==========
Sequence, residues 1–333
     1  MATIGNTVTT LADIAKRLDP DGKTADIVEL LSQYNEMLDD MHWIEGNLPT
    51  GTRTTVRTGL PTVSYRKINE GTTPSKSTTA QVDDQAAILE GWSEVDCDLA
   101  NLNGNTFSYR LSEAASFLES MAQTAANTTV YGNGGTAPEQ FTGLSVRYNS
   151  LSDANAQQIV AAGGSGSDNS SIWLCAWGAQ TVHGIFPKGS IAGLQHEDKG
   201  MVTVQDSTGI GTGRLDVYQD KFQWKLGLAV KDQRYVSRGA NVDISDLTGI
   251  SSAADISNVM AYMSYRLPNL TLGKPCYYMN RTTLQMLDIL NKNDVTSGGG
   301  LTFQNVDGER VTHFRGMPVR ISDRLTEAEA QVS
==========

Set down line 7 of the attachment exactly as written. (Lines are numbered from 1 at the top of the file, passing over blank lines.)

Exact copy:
   251  SSAADISNVM AYMSYRLPNL TLGKPCYYMN RTTLQMLDIL NKNDVTSGGG